Guatemalans, Salvadorans, Hondurans and Missoulians gathered at a downtown forum April 12, to discuss the flow of migrants to the United States and share personal experiences from their native countries.
The Maureen and Mike Mansfield Center hosted the event, held at the Public House and open to all who wanted to join four panelists and 26 attendees from three Central American countries. The event was part of Department of State’s sports diplomacy exchange.
The panelists agreed poverty and violence afflict every country in Central America and drive their citizens to immigrate to the United States, but the exchange program helps promote an apolitical dialogue through the universal language of sports.
“God uses sports to hold your hand,” 24-year-old Salvadoran Aida Elizabeth Funes Gonzales said in her native Spanish. Gonzales served as one of two panelists who came to Missoula as part of the exchange.
The group of 26, split between high-school students and adults, arrived in Missoula April 1. They have been working with the University of Montana athletic department to develop connections and take new ideas back with them to their native countries.
According to Mansfield Center Program Manager Heidi Blair, the 26 members of the exchange have spent some time off campus as well. This included visiting a bison range and a trip to Arlee, where some got to be in their first snowball fight.
The panel in the Public House consisted of two UM professors and two natives of Central America.
Both natives had a story to tell. Gonzalez embraced basketball after suffering violence, which her translator, Missoula resident Tony Higuera held back tears while decribing. She credits her health and her passion for the sport with helping her to survive.
José Arturo Asturias Garcia, 42, said gang violence and poverty did not push his family out of Villa Nueva. Instead, they have resolved to stay in Guatemala and work with what they have. Garcia said he grew up with friends who weren’t as fortunate as himself to break from the cycle of violence he suffered growing up. Many ended up in one of two places.
“Prisión. O murieron,” he said.
Manuel Alvarez, speaking through translator Tony Higuera, said he works as a coach and program manager in Guatemala as a way to prevent gang recruitment through sports and the arts. Teenagers, he said, are especially vulnerable. Alvarez said he wants to find a way to combine athletics with education back in Guatemala, in the same way college sports have in the United States.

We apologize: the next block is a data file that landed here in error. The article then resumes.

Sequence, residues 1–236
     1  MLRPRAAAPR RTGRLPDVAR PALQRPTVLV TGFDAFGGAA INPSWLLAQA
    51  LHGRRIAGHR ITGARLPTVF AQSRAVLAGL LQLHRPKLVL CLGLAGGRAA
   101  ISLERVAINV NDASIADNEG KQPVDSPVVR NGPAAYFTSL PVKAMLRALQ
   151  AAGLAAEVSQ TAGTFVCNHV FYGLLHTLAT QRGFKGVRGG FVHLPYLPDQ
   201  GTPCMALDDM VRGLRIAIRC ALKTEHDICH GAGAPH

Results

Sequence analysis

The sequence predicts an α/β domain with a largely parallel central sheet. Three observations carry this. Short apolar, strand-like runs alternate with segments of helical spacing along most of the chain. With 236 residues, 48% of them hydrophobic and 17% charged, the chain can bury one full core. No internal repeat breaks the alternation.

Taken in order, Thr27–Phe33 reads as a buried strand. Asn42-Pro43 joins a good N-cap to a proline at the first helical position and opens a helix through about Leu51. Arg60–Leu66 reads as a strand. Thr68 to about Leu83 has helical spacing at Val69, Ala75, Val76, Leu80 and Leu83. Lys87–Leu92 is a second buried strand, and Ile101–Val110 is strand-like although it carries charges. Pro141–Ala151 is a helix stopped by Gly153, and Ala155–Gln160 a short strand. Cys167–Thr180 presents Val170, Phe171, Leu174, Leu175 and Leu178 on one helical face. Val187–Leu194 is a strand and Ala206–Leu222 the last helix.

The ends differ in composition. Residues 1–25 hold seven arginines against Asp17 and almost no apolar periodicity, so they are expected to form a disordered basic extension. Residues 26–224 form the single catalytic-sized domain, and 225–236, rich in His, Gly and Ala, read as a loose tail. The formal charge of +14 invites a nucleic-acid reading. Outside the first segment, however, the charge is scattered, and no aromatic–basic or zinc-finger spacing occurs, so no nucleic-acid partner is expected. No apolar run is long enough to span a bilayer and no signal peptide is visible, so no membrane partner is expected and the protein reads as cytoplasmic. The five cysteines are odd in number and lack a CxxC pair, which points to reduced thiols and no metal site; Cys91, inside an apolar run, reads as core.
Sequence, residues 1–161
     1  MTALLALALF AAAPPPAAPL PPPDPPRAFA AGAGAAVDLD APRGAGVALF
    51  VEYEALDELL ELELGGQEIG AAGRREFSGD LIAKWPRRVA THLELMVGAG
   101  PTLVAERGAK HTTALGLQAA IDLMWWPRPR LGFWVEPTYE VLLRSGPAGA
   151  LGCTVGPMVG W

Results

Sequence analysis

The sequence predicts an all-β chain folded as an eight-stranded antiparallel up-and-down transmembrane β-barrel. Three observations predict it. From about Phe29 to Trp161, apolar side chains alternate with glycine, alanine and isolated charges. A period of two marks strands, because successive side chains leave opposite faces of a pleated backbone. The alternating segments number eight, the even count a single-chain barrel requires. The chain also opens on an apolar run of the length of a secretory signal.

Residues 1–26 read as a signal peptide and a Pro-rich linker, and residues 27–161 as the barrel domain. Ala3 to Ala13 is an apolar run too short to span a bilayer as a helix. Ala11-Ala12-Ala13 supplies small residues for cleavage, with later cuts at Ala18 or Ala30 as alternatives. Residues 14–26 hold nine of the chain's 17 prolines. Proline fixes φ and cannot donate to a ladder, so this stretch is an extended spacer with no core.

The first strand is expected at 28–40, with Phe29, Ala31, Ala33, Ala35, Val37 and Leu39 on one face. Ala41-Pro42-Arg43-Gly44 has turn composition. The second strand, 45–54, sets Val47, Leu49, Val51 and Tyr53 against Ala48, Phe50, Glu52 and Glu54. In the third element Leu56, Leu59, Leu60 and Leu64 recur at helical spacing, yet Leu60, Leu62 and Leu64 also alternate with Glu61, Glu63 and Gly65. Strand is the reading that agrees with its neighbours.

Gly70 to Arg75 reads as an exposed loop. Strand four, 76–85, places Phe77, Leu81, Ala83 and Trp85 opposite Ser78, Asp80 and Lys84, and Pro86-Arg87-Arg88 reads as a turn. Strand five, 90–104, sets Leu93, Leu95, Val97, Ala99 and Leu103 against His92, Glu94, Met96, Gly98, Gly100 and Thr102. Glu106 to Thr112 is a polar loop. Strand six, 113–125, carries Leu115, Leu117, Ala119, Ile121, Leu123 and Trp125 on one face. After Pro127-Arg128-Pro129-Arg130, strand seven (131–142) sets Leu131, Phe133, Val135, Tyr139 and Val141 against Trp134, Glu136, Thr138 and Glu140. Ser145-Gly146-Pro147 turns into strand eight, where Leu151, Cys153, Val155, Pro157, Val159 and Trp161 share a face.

Martin Emmanuel Romero, a 23-year-old student at UM who served as both a translator and a panelist, hopes to earn a degree in electrical engineering and send part of his income back to his father to aid in his construction business. Romero shared how his family in El Salvador still feels the effects of the civil war that devastated the country from 1980 to 1992. In that war, the United States provided weapons, funding and personnel to the ruling Salvadoran government, a regime accused by human rights monitors of massacring tens of thousands of civilians.
UM School of Law professor Anthony Johnstone provided both legal and historical context for immigration. According to Johnstone, the government’s authority to nationalize, deport or exclude extends back to the administration of John Adams, and the Alien Act he used to silence opposition.
Johnstone said the United States hasn’t passed any major legislation on immigration since 1980, and in that time the situation has deteriorated into what other panel members called a humanitarian crisis. According to Johnstone, immigration can’t be left up to the constantly changing executive branch, and the Supreme Court has made it clear that it will avoid ruling on immigration whenever it can. The issue must be addressed, Johnstone said, within the U.S. legislature.
Current laws don’t include domestic violence as a viable reason to seek asylum, nor do they include victims of climate change and natural disasters as candidates for refugee status.
Professor Paul Haber does not want to give the impression citizens of these countries who do engage in gang violence are blameless for their actions. However, many of those arrested for entering the U.S. illegally become incorporated into the gang system while in U.S. jails, before getting deported.
According to Haber, the waitlist for asylum cases sits criminally behind schedule. With hundreds of thousands of cases waiting to be heard, he said the state department has an “inexcusable” backlog of four years.
The Department of Homeland Security reported that over 100,000 citizens from Guatemala, Honduras and El Salvador filed for asylum in the United States between 2015 and 2017. From that number, the United States granted asylum to about 20% of asylum seekers.